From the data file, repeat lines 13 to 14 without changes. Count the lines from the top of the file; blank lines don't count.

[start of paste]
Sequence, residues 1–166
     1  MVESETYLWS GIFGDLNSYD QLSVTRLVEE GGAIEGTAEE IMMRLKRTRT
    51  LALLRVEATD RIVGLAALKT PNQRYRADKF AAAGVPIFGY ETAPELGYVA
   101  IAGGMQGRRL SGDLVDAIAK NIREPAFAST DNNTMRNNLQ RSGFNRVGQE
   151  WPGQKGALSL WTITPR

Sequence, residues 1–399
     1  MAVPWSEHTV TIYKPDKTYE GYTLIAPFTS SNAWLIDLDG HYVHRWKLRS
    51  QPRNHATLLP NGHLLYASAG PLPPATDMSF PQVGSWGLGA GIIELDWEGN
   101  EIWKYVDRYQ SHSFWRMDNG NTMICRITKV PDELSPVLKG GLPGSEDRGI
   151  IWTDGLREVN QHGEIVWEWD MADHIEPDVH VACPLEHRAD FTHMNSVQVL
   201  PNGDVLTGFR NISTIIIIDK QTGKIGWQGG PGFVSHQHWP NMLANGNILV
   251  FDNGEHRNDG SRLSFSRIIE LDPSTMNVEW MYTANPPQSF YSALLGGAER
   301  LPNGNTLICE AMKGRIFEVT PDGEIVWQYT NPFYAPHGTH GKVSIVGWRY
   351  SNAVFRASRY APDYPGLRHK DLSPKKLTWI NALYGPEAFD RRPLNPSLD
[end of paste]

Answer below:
   301  LPNGNTLICE AMKGRIFEVT PDGEIVWQYT NPFYAPHGTH GKVSIVGWRY
   351  SNAVFRASRY APDYPGLRHK DLSPKKLTWI NALYGPEAFD RRPLNPSLD